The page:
Guitar Solos from the Three Kings
I like to tell people that the Rolly Waters mystery novels are my revenge on guitar players, but some of of my favorite people are guitar players. No, really. I’ve known a lot of guitar players, and some of them are pretty decent human beings.
So when I add a bit of guitar-related detail to one of my books, I usually base it on information I’ve gleaned over the years from my guitar-playing cohorts. If I’m not sure about something, I’ll contact one or two of them and get their take on what I’ve written. Or I just play dumb and ask them some questions. It’s good for their egos.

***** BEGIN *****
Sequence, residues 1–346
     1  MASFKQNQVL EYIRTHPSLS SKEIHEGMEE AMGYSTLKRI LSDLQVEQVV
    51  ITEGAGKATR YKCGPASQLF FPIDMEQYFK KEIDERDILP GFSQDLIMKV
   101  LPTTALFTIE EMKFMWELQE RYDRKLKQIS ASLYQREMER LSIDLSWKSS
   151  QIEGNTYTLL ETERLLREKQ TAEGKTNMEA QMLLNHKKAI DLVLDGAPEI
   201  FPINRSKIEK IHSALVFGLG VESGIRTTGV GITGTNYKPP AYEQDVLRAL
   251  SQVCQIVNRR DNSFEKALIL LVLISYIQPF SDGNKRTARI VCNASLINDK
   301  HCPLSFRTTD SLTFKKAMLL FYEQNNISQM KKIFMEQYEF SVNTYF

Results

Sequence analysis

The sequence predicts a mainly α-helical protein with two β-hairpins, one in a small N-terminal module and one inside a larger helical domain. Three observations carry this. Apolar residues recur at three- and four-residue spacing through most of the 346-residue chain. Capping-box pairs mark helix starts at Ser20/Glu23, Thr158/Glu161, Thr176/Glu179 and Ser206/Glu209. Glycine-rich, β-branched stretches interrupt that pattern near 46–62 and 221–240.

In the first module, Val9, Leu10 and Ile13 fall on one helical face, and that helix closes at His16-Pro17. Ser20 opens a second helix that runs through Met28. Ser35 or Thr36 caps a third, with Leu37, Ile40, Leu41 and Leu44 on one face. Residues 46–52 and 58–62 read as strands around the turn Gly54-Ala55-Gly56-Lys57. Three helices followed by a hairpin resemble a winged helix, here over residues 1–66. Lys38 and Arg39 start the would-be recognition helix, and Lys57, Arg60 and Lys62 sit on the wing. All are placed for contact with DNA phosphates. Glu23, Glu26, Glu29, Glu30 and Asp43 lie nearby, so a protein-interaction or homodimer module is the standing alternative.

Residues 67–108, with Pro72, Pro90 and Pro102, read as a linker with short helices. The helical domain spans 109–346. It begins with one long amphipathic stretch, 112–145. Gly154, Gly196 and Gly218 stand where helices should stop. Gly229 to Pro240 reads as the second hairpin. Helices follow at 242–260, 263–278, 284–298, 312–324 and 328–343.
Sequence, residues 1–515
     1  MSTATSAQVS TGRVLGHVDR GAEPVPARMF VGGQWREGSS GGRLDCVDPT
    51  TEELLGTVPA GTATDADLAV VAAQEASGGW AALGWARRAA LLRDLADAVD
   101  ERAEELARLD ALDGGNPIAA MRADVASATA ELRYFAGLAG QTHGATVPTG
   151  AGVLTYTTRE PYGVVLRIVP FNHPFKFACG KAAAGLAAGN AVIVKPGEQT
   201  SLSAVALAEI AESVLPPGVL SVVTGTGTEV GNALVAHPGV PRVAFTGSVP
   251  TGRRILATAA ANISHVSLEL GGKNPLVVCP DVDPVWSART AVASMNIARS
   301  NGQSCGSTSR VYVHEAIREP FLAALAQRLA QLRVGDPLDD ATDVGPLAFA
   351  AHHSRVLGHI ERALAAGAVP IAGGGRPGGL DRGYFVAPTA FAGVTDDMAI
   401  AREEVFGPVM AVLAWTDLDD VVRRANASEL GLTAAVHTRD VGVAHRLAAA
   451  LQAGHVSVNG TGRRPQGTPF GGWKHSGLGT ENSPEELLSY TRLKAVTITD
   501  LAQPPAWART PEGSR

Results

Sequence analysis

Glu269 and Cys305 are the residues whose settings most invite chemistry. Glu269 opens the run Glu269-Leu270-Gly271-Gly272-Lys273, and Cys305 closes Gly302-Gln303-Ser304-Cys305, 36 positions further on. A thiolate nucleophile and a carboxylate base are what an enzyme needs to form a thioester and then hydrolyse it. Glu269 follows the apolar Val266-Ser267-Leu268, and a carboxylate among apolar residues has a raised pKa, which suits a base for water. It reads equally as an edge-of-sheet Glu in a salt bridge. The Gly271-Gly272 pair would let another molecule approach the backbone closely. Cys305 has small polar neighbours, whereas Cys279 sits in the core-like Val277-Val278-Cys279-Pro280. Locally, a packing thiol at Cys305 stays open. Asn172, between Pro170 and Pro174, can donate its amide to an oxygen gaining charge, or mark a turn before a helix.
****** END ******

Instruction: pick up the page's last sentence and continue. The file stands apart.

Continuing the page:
I didn’t consult any of my guitar friends when I wrote this description of Norwood’s Mostly, the used guitar shop featured in Border Field Blues:
“The shop was more a hobby than a business for Norwood, a place he could hang out with musical friends, reminisce on the past, discuss the relative merits of Kings – B.B., Albert and Freddy.”
So I was gratified to see that each of the Kings I listed nailed a spot in Guitar Player’s recent The 40 Most Important Guitar Solos in Rock. Their respectively important solos can be heard below (in chronological order).
Freddie King – Hideaway (1960)
Albert King – Born Under a Bad Sign (1967)
B.B. King – The Thrill is Gone (1969)
I’d say that’s some pretty fine guitar playing, all around, wouldn’t you?